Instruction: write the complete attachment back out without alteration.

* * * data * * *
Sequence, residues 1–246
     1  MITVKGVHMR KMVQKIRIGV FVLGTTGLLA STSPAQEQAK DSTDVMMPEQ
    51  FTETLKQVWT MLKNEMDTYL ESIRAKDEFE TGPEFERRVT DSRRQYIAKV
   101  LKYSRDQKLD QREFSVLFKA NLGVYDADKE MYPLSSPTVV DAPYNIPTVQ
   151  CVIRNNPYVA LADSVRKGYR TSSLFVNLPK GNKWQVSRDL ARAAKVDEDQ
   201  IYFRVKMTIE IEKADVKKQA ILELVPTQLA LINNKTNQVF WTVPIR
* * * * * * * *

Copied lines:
Sequence, residues 1–246
     1  MITVKGVHMR KMVQKIRIGV FVLGTTGLLA STSPAQEQAK DSTDVMMPEQ
    51  FTETLKQVWT MLKNEMDTYL ESIRAKDEFE TGPEFERRVT DSRRQYIAKV
   101  LKYSRDQKLD QREFSVLFKA NLGVYDADKE MYPLSSPTVV DAPYNIPTVQ
   151  CVIRNNPYVA LADSVRKGYR TSSLFVNLPK GNKWQVSRDL ARAAKVDEDQ
   201  IYFRVKMTIE IEKADVKKQA ILELVPTQLA LINNKTNQVF WTVPIR